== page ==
This is an in-class essay I wrote for the midterm exam of my Japanese Film & Literature course. Obviously, this is a bit of a departure from what I normally write about on this blog (video games and anime), but I found the film and pieces of literature I talk about particularly interesting, so I thought I’d share links to these works and perhaps generate a discussion about them by archiving them on my blog.
The main differences between Akutagawa’s “In a Grove” and Kurosawa’s Rashomon are the additions of the Rashomon setting and the woodcutter’s statements at the end of the film. With these changes, Kurosawa accentuates the meaning conveyed in Akutagawa’s original work.
“In a Grove”, with its literary style and structure, presents to the reader a dilemma of ascertaining truth. Akutagawa also indicates that truth and falsehood are not clear-cut — they’re shades of the same spectrum; he accomplishes this message by spreading true, corroborating aspects throughout all of the characters’ testimonies.
The injection of the Rashomon into Kurosawa’s film adds onto Akutagawa’s original message in that the commoner from the short story faced a similar choice to the woodcutter (in the film): the commoner could die in righteousness or survive as a thief, as the woodcutter could risk the lives of his seven children to remain just or ensure their survival through the theft of an expensive dagger. As the Rashomon commoner was stuck between these two results, the woodcutter of the film was stuck with two people representing those ideals the monk (righteousness) and the thief (survival).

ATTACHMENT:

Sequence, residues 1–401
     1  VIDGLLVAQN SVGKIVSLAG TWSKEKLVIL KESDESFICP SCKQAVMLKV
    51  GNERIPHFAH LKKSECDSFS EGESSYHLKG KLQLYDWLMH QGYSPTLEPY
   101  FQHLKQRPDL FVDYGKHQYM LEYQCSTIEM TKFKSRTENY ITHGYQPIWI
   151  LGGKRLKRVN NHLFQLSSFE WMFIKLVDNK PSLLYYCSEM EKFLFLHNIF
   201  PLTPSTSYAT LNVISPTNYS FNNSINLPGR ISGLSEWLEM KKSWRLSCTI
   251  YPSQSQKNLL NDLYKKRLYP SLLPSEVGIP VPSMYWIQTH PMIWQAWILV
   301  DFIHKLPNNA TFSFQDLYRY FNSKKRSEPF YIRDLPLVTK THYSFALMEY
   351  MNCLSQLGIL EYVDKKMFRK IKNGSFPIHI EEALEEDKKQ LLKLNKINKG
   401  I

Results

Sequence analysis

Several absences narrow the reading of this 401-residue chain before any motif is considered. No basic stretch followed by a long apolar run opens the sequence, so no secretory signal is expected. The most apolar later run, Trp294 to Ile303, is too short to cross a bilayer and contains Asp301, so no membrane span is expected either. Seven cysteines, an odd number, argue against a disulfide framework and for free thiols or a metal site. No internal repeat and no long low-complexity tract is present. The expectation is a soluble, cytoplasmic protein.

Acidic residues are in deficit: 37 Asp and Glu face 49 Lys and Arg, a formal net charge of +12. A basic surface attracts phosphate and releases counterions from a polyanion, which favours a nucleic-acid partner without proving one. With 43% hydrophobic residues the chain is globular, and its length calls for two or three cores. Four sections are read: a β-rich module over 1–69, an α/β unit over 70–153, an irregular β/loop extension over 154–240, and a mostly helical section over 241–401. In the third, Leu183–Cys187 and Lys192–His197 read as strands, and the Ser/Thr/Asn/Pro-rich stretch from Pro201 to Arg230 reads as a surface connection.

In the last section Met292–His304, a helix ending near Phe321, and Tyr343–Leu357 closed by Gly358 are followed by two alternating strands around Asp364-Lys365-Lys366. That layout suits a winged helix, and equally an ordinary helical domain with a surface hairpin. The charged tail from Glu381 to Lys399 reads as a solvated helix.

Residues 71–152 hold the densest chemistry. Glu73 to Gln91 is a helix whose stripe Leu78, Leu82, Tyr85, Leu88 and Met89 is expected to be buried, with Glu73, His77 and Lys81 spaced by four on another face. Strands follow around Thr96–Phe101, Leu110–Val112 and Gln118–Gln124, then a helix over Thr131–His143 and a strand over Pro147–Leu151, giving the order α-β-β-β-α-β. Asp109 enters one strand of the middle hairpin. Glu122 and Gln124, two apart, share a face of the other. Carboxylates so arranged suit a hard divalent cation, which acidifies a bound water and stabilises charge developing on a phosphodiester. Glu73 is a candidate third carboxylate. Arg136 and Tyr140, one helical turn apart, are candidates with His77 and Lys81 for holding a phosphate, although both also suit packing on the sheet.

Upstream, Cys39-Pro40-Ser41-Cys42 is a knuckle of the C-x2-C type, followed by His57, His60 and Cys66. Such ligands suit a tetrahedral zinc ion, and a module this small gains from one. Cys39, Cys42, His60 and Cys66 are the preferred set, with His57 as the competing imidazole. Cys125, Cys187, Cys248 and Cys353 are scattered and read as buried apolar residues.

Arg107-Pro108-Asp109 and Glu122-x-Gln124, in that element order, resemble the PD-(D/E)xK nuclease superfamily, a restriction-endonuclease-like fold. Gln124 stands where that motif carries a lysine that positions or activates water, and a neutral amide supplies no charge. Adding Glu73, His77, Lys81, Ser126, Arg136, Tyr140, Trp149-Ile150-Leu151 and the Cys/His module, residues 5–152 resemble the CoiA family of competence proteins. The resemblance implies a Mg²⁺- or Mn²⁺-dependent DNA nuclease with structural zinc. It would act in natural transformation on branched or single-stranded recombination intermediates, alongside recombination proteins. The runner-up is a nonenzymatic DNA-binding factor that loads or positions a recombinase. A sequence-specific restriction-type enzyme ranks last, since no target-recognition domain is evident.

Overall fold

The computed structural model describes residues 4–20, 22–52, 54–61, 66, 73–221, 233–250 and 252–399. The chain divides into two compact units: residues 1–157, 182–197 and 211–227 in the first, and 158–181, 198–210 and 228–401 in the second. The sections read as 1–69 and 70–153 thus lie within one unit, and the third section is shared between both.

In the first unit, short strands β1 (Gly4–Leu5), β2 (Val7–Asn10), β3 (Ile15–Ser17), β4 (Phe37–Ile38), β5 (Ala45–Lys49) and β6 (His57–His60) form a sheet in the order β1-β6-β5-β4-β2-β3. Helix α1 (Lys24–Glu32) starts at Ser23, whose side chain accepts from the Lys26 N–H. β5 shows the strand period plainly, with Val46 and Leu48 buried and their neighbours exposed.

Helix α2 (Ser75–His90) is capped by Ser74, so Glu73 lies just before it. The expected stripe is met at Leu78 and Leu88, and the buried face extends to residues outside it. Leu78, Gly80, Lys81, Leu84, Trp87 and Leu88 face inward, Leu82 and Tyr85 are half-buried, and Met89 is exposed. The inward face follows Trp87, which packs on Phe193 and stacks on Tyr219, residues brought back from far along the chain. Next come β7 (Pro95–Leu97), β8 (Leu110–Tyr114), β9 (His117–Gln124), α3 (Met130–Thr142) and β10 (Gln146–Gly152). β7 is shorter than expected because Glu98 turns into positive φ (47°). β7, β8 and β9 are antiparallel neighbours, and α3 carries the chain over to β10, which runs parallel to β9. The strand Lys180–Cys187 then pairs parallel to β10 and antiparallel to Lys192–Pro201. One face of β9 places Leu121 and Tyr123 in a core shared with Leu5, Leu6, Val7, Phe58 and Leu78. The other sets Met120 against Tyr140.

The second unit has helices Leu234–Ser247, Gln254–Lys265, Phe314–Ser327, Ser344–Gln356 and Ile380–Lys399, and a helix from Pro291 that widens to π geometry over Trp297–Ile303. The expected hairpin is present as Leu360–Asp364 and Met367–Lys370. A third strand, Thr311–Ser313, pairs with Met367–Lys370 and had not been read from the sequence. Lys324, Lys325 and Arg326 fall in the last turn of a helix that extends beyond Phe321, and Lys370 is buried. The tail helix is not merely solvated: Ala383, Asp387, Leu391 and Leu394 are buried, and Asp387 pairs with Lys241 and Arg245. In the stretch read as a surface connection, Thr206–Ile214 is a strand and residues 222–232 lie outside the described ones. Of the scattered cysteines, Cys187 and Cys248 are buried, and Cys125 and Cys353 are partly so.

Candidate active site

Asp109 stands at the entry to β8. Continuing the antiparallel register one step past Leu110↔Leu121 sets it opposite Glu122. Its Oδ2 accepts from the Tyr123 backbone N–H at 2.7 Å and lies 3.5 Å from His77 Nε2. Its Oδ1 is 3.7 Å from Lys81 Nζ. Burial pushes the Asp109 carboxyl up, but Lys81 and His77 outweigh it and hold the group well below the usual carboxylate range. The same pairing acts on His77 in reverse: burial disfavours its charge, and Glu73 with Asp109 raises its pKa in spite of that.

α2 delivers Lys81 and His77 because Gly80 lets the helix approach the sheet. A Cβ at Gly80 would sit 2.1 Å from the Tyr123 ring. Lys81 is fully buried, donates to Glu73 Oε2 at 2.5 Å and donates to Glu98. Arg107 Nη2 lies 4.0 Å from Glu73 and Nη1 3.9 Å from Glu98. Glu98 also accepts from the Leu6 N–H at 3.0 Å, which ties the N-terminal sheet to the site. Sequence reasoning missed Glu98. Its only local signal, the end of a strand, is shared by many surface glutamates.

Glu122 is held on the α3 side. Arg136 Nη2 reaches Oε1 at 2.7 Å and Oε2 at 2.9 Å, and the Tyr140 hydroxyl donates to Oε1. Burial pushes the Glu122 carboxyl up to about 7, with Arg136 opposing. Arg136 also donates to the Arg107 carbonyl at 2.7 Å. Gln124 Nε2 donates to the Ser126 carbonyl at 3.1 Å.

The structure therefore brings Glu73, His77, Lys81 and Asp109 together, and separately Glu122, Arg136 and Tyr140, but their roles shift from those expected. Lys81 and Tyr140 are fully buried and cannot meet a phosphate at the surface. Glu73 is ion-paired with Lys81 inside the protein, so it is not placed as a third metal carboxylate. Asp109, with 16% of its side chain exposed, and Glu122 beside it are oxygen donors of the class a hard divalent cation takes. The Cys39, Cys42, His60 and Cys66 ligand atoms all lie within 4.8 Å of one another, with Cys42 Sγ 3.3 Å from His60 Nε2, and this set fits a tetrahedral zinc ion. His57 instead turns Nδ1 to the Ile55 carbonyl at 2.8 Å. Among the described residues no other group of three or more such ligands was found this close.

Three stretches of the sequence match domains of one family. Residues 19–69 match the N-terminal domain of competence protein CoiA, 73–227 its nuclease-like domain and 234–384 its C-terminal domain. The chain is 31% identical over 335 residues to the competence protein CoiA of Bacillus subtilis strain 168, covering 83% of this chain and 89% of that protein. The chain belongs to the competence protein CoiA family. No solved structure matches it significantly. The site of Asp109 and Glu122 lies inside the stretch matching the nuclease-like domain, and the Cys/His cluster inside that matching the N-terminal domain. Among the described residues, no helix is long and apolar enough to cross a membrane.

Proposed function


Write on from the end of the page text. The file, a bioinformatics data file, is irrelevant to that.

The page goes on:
Finally, the most significant addition of the woodcutter’s second, “true” testimony allows Kurosawa to convey an additional comment on egotism. The thief, wife, and samurai’s overwhelming desire to preserve their image drove them to the extreme of admitting to the crime of murder. Kurosawa is able to achieve this concept visually when comparing Tajomaru’s description of an epic battle and the woodcutter’s depiction of two exhausted and hesitant men flailing at each other. In the woodcutter’s second testimony, Tajomaru hesitates, the samurai abandons his wife before he is killed, and the woman flees, despite her promise to Tajomaru — all of these details are possible reasons for them to lie and preserve their image.